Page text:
Readers riled at Microsoft Vista antipiracy features

Problems include false positives, lack of response and legality claims

Few issues have riled Computerworld's readers as much as certain features of Microsoft's new Windows Vista, such as Windows product activation, Windows Genuine Advantage and the Software Protection Platform.

These features (some of which date back to Windows XP) are designed to fight software piracy by ensuring users' copies of Vista are legitimate. After providing warning messages only, Vista will now run in a "reduced functionality mode" if the software is suspected to be pirated.

That, and reported snafus like incorrect evaluations of legitimacy, have angered users across the country.

Below are some of their comments, with initials used in place of full names where permission to use full names was not received by publication time (See details about the controversy in The Skinny on Windows SPP and Reduced Functionality in Vista).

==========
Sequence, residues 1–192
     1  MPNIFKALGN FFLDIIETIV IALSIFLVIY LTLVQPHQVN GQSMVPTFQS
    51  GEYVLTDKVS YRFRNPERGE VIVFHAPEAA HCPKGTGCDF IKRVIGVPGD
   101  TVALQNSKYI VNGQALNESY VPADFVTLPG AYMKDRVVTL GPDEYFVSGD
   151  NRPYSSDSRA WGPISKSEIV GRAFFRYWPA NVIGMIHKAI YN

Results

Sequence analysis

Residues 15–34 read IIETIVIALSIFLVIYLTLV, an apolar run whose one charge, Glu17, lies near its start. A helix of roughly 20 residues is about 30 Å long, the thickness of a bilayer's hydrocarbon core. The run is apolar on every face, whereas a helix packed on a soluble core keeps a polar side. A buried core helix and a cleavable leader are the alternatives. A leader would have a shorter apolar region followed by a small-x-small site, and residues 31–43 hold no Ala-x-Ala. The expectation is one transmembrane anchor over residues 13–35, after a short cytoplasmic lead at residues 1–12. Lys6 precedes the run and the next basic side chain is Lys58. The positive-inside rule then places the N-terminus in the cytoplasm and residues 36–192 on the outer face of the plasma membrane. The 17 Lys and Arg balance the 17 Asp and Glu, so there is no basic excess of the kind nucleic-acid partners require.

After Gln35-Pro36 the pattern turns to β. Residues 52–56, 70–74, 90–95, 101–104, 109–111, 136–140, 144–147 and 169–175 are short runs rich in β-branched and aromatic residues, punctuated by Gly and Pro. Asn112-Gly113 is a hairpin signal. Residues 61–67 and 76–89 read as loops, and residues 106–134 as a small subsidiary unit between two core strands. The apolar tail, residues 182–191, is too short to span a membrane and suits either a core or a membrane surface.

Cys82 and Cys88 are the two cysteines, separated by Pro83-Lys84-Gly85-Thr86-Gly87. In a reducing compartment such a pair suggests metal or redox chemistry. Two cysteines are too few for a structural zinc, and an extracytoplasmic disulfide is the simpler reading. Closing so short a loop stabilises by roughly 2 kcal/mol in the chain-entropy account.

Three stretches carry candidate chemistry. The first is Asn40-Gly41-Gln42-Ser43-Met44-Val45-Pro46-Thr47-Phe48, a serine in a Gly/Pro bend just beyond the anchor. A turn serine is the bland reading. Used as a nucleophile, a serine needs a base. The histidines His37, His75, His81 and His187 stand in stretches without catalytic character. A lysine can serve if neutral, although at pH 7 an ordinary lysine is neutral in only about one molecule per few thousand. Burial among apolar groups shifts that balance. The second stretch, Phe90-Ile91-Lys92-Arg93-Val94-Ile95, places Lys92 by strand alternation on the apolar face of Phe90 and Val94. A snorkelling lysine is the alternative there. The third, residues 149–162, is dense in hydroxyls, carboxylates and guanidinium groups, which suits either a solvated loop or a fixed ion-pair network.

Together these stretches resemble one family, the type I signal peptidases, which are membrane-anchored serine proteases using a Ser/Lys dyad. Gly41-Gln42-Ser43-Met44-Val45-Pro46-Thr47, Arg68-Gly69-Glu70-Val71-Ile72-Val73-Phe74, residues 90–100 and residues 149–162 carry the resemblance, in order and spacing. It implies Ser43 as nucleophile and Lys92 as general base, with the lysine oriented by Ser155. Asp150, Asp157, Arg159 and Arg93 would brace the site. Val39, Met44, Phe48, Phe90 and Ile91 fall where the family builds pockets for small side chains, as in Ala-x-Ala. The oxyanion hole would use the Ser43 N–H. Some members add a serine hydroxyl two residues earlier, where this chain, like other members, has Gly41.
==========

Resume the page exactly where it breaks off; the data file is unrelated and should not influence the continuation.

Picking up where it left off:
False accusation and lost sleep

I had been hassled and falsely accused of piracy after having a three-year-old authenticated Win XP OS.

I finally had to get two plug-ins installed for my Firefox browser to pass their WGA test. M$ is a greedy, insincere, selfish group of snakes having this trash installed on our computers without our consent! They claim we have the option to install it! I never installed this trash and still wasted two nights without sleeping trying to resolve this piece of rubbish.

-- M.S.

Constitutional rights violation

[SPP and reduced functionality mode] is a clear violation of the constitutional right to due process. It's akin to a retailer deciding that the TV you bought is stolen, breaking into your home and confiscating the TV. This is the clear result of the failure of the U.S. Justice Department to carry out its responsibilities.

-- J.L.

Server interruption causes incorrect reduced functionality mode

You failed to mention a scenario in which a device will go into RFM. Recently, Microsoft WGA servers experienced an interruption in service causing at least two systems at our organization to incorrectly go into RFM.

-- Tom Olzak

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